It already has its hands full keeping Malaysia Airlines Bhd afloat. However, Finance Minister Tengku Datuk Seri Zafrul Abdul Aziz has denied a Bloomberg report that sovereign wealth fund Khazanah Nasional Bhd might be injecting US$1.2 billion into the flag carrier, which was floundering even before the Covid-19 outbreak.
An opportunity to attract global players
MAIA views the crisis as both a challenge and an opportunity as it anticipates recovery to post-Covid-19 levels within a time frame that will allow Malaysia to reposition itself to be more competitive in the aerospace industry.
In the past, global air passenger traffic would bounce back quickly after a short-term crisis. As there are no other alternatives to travelling long distances — because of much shorter flying times — air passenger traffic is expected to pick up once the pandemic is brought under control.
As the middle class continues to grow as projected, more people will take to the skies, which in turn will lead to stronger demand for aircraft.
According to the “Airbus Global Market Forecast 2019” report, the middle class will make up 60% of the world’s population by 2028, and 66% by 2038, from 52% in 2018.
“MAIA’s members have seen through this crisis greater interest by major manufacturers to reset their supply chain, breaking incumbent positions in the West and in some cases, China. This has been evident through some major companies seeing an increase in new requests for quotation.
“MAIA hopes that, through a concerted effort with the government, the Malaysian supply chain can invest in capability and technology development to be ready for the upside. This may be the opportunity to leapfrog new workflow volumes, increasing both revenues and high-skilled employment in Malaysia,” says Naguib.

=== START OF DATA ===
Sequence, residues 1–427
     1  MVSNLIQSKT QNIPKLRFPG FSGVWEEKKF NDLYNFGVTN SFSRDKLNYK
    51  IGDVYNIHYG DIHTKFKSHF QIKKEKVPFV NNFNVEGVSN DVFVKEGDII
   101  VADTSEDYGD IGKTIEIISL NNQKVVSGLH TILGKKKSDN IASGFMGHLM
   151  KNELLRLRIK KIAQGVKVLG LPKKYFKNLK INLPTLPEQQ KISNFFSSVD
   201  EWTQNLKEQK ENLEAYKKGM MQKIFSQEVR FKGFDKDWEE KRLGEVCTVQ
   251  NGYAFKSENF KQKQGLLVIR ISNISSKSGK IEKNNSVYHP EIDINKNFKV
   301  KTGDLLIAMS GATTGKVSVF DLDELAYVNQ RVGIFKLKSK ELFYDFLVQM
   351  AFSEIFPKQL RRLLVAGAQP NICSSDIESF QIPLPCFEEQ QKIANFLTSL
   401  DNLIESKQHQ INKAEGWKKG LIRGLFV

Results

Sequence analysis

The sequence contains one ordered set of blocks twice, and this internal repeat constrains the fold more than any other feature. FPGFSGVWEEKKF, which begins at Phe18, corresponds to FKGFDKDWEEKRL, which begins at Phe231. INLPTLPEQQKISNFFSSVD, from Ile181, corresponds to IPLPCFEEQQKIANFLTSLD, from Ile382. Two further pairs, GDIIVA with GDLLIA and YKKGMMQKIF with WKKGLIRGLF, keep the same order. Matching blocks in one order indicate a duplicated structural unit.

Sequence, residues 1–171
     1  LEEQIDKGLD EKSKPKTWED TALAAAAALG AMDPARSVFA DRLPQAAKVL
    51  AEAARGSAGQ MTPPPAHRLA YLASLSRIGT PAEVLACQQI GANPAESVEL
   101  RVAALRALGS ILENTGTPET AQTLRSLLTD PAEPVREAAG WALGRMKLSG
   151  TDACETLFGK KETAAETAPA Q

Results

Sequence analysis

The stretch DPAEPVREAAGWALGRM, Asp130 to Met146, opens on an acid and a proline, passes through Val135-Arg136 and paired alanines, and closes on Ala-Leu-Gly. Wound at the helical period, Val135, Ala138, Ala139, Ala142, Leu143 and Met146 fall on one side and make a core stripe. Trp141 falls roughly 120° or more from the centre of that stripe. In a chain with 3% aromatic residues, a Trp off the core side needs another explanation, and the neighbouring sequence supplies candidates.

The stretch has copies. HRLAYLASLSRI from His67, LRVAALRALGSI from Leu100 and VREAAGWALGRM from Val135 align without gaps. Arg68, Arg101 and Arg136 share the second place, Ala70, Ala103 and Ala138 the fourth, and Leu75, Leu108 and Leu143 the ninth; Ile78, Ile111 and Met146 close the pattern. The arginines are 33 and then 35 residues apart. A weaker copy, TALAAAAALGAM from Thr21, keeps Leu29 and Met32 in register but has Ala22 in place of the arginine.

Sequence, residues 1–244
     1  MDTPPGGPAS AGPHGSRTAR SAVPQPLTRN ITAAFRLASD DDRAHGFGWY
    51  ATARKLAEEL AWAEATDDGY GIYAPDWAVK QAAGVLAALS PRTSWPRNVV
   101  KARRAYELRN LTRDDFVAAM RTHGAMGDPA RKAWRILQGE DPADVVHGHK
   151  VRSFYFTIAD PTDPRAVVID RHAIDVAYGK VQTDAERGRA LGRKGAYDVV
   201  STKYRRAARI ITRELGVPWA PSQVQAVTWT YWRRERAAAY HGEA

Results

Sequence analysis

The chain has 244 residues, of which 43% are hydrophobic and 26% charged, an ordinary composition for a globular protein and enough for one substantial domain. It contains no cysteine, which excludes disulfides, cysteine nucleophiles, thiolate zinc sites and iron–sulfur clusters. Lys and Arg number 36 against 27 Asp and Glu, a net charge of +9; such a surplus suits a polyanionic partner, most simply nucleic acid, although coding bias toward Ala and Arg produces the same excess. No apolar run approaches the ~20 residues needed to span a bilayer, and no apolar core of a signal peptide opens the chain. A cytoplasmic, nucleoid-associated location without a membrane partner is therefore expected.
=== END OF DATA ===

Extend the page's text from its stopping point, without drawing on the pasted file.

While MAIA believes that the aerospace industry must be preserved and supported through the Covid-19 pandemic, Naguib says it does not necessarily have to be through cash injections that would only benefit creditors. He highlights Singapore’s salary subsidies, which cover up to 75% of salaries in the industry until the end of the year, as a possible measure.
Other measures include extending special tax holidays for investments, and providing research and development (R&D) and capital investment grants — initiatives that would help Malaysia keep pace with others as well as capture the upside growth of the sector, a strategic enabler of future industries and technologies.
Naguib says significant technology advancements have lately been driven by stricter environmental targets. France’s €15 billion stimulus packages, for instance, require the aerospace industry to invest more in low-emission aircraft powered by electricity, hydrogen and other clean energy sources.
He adds that Malaysia’s aerospace industry has taken a long time to get to its current position and any substantial shrinkage or cessation of business will negatively impact the entire aviation ecosystem — be it the supply chain or other stakeholders such as tourism.
“Hence, there is a need to recognise and support the entire aviation and aerospace supply chain — MRO operators, caterers and the like — to ensure that when there is a need for airlines to start flying again, their supply chain remain similarly intact.”